Family Business Review

A game that I picked up in a trade on Board Game Geek was Family Business.

In Family Business, each player takes a mob family and attempts to "take care" of all of the members of the other mob families. To do this, the players take turns; this consists of drawing a card and then playing an Attack or Defense card. If an Attack card is played, any player can play a Response card to counter the Attack card just played. In order to take out opponent's mobsters, you play Attack cards to put them on the Hit List (and Defense cards to remove your own). Once a mob war starts (by playing a card, having a certain number of mobsters on the Hit List, or having few enough mobsters left in the game), the mobster at the front of the Hit List is "whacked" at the beginning of each player's turn. The game continues like this until only one mob is left with any members still standing.

With the simplicity of Family Business, I don't really feel the need to include too many pros and cons. However, this wouldn't be a review if I didn't include any, so here we go. One of the first things that I immediately liked about Family Business was how Response cards worked. If anybody chose to play a Response card, it became that player's turn (skipping anybody in between). I really liked this rule for a couple of reasons. First, it was a fairly unique rule that I hadn't seen in other games. Second, it really allowed two mobs to start fighting each other. (What would happen is one mob would attack another mob and get countered. The mob that was attacked would then attack back on their turn and get countered. This could go on for several iterations while the other players are sitting back and watching, while hoping that they will kill each other off.)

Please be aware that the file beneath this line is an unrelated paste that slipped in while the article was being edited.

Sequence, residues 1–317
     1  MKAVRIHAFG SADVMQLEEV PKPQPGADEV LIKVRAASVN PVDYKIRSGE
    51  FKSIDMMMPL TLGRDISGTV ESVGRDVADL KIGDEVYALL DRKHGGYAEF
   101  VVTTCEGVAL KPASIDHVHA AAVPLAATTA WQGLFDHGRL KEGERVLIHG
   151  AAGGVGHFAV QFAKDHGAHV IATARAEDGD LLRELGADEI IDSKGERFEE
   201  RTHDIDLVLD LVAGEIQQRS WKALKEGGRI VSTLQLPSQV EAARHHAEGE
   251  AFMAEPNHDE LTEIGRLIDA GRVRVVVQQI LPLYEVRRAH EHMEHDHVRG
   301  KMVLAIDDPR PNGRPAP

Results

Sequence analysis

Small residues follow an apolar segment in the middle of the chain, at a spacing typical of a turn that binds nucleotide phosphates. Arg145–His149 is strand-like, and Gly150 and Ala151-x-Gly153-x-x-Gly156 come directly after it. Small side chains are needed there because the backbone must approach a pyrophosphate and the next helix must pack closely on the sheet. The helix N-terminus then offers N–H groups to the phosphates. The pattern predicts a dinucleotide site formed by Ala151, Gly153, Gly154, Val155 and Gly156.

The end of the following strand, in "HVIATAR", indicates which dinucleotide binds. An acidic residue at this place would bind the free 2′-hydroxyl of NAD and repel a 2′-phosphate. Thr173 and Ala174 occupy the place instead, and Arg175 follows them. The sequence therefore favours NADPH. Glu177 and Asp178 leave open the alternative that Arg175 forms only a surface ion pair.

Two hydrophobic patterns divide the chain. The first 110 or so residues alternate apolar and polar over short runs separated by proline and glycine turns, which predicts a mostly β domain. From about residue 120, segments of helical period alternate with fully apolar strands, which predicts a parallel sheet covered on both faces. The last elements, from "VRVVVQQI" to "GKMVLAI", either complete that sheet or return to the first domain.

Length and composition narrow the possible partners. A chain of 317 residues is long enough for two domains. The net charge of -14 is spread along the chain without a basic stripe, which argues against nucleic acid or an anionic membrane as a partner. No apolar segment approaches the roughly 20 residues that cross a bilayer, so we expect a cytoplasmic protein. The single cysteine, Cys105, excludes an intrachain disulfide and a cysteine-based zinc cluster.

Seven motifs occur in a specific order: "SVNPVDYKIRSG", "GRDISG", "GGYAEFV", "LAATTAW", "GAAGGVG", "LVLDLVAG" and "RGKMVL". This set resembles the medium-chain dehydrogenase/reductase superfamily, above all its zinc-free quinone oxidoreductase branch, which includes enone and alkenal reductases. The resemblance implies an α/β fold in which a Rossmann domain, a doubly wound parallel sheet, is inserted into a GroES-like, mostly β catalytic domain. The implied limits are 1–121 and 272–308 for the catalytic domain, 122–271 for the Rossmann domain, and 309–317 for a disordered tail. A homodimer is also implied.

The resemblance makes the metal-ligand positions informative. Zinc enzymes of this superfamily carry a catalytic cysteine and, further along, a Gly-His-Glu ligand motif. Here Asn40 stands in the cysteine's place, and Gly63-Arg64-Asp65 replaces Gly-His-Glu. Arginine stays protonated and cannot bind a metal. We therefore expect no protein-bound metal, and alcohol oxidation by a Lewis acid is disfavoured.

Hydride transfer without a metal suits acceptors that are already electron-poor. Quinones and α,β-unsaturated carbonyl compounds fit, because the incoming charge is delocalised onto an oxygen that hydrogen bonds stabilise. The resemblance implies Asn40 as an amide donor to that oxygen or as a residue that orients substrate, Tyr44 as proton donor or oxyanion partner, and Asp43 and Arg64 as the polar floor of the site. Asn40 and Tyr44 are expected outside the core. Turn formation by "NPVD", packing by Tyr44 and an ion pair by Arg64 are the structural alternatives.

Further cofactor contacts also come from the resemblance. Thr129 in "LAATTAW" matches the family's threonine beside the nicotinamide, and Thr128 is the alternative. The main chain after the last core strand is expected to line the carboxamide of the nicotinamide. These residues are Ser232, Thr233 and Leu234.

The next thing that I liked about Family Business was that it was a pretty lightweight, easy to play, and yet still fun and engaging game. I think that most anybody could play this game, and I would even think that it would be ok for kids, since most of the art is cartoonish (keep in mind that I don't have kids, so I am no the expert on what is child appropriate). In addition, this could easily be carried around and played in around 30 minutes, and so it works well in a variety of situation - potentially even as a game to play at work during lunch.

Whereas I enjoyed this game, it suffered from a common problem that occurs in a lot of card games: luck of the draw. If you draw the correct cards, you can do really well and take down your opponents. If you draw poorly, you can quickly get a lot of your mobsters eliminated, or have a hand full of worthless cards. Whereas I realize that it is difficult to have a card game without drawing cards, I felt like Family Business had a bit more card drawing luck than some others that I have played recently.

Another con that I found in the game is that each mob family was the same, and each mobster within each mob family was the same.  Though the game was focused on "putting a hit" on other players' mobsters through the use of Attack cards, I thought it could have had more depth if the actual mobsters (or at least mob families) had some kind of unique characteristics or powers in the game.

Overall, I give Family Business a 7.5/10. I never have figured out how to rank these simple card games against my other board games, but this is a game that I definitely feel is worth keeping. I enjoyed the game, and I can see myself breaking it out and playing it periodically, but I think it will live out most of its life as a filler game.

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